Extinct Giant Bird Doomed by Slow Growth, Study Says

June 15, 2005

The large, flightless moa bird that roamed New Zealand in ancient times grew much more slowly than modern birds, according to a new study of their bones. The finding suggests that slow growth doomed the moa to extinction when humans arrived about 700 years ago.

Unlike the bones of all modern birds, several moa bones show growth marks similar to the rings found on tree stumps, said Samuel Turvey, an ecologist at the Zoological Society of London in the U.K.

According to Turvey, the rings indicate that moas took several years to grow to their full size. All modern birds, by contrast, are fully grown within a year of hatching.

"In environments where mammal predators are present, there's strong pressure to mature quickly," Turvey said. "When you're young, you're really vulnerable. If you can get to adult body size relatively fast, it's harder to be picked off by animals that want to eat you."

But moas lived on the islands of New Zealand, which are isolated from the rest of the world and were home to no land mammals. This lack of predators meant no selective pressures for fast-growing moa. The birds matured slowly, Turvey said.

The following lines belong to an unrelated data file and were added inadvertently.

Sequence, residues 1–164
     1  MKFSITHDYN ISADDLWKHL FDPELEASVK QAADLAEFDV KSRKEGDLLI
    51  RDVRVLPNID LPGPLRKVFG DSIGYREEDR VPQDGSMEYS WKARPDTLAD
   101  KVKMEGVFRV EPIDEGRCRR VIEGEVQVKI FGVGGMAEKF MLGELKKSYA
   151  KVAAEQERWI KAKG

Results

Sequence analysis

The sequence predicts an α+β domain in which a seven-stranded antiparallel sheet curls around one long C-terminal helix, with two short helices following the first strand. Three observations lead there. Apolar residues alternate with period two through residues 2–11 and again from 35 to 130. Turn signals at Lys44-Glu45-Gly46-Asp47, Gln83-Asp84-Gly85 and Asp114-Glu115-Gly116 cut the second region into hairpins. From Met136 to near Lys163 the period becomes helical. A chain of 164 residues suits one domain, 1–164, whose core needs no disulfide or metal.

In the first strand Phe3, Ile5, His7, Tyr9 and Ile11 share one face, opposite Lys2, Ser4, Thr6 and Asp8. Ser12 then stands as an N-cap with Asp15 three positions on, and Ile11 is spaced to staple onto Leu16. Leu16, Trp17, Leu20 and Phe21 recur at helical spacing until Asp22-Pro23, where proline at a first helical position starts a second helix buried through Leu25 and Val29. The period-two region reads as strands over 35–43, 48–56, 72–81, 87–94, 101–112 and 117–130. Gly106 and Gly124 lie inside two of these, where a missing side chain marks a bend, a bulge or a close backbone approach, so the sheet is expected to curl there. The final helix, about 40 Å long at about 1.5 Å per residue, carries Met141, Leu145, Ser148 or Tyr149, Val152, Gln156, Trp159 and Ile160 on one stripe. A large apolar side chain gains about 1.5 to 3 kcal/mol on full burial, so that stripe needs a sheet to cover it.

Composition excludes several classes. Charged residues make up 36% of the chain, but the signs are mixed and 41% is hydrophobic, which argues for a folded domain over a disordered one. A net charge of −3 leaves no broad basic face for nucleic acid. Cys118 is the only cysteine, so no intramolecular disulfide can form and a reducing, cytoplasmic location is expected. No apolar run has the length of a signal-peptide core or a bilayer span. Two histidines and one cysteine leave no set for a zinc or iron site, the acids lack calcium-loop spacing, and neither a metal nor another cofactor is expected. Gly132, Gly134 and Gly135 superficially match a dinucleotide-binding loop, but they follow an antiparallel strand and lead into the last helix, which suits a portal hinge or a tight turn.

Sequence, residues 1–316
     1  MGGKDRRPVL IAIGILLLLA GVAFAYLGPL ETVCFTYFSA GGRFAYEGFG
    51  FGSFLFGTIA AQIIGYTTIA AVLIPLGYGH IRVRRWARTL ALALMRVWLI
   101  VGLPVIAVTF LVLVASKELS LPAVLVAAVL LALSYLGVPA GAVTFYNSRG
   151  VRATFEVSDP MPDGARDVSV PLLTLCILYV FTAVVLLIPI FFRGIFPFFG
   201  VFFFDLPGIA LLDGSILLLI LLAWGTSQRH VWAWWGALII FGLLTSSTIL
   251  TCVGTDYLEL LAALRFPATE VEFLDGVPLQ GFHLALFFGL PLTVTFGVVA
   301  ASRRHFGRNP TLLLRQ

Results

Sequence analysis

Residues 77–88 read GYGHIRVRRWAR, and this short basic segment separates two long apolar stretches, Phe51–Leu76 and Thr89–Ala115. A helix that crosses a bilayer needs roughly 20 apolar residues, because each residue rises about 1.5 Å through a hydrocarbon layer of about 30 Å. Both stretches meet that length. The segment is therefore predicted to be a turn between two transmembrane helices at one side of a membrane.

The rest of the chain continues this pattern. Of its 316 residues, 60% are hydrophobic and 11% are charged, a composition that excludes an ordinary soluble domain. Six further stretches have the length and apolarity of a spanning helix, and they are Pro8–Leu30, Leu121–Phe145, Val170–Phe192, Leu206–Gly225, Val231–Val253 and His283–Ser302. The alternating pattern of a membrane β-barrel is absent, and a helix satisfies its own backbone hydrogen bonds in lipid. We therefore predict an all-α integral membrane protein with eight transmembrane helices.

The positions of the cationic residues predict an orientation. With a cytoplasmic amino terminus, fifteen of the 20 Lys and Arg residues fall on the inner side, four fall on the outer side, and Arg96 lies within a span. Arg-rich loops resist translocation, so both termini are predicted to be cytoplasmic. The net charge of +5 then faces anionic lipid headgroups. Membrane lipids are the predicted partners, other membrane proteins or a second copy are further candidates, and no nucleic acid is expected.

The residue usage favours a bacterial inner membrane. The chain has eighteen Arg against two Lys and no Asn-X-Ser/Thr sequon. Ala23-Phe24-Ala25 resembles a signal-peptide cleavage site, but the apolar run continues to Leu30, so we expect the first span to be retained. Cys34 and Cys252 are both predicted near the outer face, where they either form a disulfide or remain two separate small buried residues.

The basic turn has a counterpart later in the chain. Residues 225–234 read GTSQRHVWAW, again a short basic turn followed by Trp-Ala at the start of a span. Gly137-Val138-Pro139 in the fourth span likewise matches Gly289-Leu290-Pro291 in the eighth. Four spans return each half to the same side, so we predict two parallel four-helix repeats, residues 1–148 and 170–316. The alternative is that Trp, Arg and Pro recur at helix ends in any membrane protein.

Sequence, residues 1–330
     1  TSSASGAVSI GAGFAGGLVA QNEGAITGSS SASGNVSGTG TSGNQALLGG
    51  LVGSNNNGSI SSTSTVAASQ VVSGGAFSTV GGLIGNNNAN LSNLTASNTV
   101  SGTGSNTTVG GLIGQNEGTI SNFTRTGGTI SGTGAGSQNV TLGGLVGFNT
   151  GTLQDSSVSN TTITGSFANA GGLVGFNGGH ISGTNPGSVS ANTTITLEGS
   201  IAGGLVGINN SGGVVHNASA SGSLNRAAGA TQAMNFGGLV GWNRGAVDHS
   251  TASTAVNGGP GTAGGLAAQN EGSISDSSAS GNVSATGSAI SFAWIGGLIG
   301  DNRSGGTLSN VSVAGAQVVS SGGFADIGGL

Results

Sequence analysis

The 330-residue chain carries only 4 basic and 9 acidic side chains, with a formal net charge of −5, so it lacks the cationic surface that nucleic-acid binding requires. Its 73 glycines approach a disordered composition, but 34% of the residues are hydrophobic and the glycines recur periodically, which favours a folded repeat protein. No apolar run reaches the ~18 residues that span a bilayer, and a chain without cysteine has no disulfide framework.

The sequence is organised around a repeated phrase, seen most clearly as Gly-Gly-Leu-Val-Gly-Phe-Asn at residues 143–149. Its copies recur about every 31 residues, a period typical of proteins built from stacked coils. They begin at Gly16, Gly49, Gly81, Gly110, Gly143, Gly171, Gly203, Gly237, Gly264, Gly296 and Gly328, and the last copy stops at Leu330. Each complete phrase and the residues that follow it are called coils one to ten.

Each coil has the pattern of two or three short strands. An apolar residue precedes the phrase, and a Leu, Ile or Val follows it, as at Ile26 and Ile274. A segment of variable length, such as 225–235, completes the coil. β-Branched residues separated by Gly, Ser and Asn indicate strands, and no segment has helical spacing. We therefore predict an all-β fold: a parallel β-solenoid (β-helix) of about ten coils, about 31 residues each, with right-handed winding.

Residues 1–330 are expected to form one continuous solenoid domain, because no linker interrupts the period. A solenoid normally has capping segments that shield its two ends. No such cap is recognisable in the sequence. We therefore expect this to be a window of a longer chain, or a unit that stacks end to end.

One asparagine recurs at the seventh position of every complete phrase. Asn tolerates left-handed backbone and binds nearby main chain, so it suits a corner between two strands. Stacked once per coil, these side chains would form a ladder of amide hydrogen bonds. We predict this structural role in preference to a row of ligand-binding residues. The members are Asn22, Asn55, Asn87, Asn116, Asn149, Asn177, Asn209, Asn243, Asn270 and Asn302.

The moa lifestyle, however, failed to take humans into account. When the Maori people colonized New Zealand about 700 years ago, they hunted—and ate—the moa to extinction.

"Population replacement of the juveniles into the new adult cohort would've been a slow process," Turvey said. "Essentially, the species' populations would have collapsed, given even mild hunting pressure."

Turvey and colleagues report their finding in tomorrow's issue of the journal Nature.

Joel Cracraft, a vertebrate zoologist at the American Museum of Natural History in New York, said the authors make the case that the moa grew slowly. He added, though, that the birds were likely doomed to extinction no matter what after the arrival of humans.

"It might have sped things up, but those birds would have been doomed anyway," he said. "The Polynesians who got there were pretty good at trashing the environment and eating everything in their path."

Slow Growth

Turvey and his colleagues examined several bones from nine of the ten recognized moa species—the two species of giant moa Dinornis and seven members of the smaller emeid moa family—and found that nearly all of them contained growth marks.

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